Microsoft and the government are not strangers -- they have met in court, most notably during anti-trust hearings. More recently, the General Council of the company took matters into his own hands when he deemed the US government an "advanced persistent threat". Now Brad Smith is back for round two.
This time the lawyer is aiming at the upcoming World Economic Summit in Davos, Switzerland. Smith posted a missive today regarding the conference and calling for an international convention to address recent concerns.
Microsoft believes that the government, but not necessarily the National Security Agency (NSA), may stymie the IT industry’s efforts to safeguard corporate and user data.
Top security executives at the company have put together their top predictions for 2014 for the Microsoft Security Blog. Paul Nicholas, senior director of Global Security Strategy for Microsoft’s Trustworthy Computing division says that government efforts to bolster cyber-security may end up doing more harm than good if all stakeholders fail to see eye-to-eye.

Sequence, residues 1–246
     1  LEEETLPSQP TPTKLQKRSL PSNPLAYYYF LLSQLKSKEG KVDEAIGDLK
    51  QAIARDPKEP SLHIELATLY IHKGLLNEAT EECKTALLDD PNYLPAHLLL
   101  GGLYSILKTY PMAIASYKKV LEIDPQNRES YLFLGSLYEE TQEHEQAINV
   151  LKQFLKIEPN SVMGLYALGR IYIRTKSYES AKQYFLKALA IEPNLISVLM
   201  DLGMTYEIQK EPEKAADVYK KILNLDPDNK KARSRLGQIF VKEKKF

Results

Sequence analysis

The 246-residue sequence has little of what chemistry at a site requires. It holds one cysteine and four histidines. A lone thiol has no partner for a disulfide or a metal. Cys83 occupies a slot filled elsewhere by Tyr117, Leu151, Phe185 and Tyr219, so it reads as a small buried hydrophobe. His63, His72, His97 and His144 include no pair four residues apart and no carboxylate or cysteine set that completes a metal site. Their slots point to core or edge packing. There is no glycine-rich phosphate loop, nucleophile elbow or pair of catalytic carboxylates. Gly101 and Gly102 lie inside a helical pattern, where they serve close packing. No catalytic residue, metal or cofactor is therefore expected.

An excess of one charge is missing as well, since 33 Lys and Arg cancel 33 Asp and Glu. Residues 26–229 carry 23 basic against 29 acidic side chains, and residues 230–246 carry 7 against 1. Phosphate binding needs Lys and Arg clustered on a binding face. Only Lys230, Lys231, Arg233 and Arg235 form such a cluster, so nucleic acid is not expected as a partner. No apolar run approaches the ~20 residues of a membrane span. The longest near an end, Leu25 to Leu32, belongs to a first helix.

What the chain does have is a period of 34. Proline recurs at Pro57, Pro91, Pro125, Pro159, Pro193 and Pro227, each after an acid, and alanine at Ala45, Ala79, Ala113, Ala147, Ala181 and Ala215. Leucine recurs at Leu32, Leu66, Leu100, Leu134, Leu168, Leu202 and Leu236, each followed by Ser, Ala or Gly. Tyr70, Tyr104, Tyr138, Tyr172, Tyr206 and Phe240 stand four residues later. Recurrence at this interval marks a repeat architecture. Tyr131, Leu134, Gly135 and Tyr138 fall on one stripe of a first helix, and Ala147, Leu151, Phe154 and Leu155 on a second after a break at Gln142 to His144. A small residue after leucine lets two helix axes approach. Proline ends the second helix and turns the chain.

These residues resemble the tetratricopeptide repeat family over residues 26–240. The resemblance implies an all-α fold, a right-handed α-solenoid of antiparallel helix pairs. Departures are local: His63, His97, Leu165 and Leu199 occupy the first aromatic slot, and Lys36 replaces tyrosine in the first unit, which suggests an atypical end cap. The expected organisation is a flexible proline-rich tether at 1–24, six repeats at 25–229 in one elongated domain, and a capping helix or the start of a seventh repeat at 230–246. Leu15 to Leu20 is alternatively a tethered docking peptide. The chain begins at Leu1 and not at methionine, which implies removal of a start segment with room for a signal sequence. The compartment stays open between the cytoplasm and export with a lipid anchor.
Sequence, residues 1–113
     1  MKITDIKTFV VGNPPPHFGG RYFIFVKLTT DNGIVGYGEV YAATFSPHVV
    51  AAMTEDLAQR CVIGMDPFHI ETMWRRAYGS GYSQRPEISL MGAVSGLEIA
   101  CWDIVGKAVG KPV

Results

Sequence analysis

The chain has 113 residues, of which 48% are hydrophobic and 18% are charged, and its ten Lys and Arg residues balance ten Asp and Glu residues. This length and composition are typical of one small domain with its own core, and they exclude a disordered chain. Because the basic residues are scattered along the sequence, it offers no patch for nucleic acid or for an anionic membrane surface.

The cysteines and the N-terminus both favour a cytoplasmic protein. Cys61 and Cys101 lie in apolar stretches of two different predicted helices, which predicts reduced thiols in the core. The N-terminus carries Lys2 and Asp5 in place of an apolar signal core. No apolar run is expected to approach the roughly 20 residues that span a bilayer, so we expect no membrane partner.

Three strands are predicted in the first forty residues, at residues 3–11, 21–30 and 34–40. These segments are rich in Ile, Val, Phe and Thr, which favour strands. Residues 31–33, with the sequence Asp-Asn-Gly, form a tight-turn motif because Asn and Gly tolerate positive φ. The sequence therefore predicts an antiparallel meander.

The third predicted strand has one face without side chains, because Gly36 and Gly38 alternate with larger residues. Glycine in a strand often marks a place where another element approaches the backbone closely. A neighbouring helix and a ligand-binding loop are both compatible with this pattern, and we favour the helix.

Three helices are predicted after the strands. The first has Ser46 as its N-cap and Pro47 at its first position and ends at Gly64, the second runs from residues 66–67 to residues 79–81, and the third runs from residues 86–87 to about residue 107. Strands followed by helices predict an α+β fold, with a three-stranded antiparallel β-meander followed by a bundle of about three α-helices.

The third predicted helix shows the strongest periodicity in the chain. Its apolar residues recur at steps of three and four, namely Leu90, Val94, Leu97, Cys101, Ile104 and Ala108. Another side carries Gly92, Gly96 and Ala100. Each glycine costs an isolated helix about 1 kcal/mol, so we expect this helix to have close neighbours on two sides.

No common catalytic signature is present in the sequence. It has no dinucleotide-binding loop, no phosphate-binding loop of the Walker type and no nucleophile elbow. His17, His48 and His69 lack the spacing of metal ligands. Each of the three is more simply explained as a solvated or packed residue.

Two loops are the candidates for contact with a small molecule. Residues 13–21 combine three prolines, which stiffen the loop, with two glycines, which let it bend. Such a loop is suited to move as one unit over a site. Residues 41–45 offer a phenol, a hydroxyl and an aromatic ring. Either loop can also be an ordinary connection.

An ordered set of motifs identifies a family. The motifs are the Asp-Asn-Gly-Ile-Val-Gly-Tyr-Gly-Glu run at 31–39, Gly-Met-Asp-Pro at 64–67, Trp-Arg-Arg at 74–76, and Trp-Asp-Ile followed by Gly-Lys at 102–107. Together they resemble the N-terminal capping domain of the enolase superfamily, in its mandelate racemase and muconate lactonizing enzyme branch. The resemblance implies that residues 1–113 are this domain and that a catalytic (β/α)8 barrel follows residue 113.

On Wednesday, The Guardian published a secret order issued by the Foreign Intelligence Surveillance Court allowing the National Security Agency (NSA) to demand vast swaths of metadata from Verizon. The order, which specifies that Verizon hand over the information on an “ongoing, daily basis,” encompasses the phone records pertaining to all of Verizon's American customers, whether the communications are between US-based callers, or between a US caller and an international caller.
A senior Huawei executive has said he believes it's standard practice for governments to use the internet to spy and steal sensitive data.
Making the bold claim is the company's head of security operations and ex CIO for the British government, John Suffolk, who told the Australian Financial Review that states had always embarked on such practices.
His comments followed reports that the Chinese company had gained access to secret designs of US weapons, which it was alleged were taken from Australia's new intelligence agency headquarters.
IT security firms have been asked to put themselves up for membership of a special-purpose panel to provide security services across all of government.
The move is partly in response to a number of recent incidents involving privacy and security breaches at government agencies, commissioning agency the Department of Internal Affairs says. It sees the panel arrangement as a way of ensuring more consistency in security “skills and techniques” provided to agencies.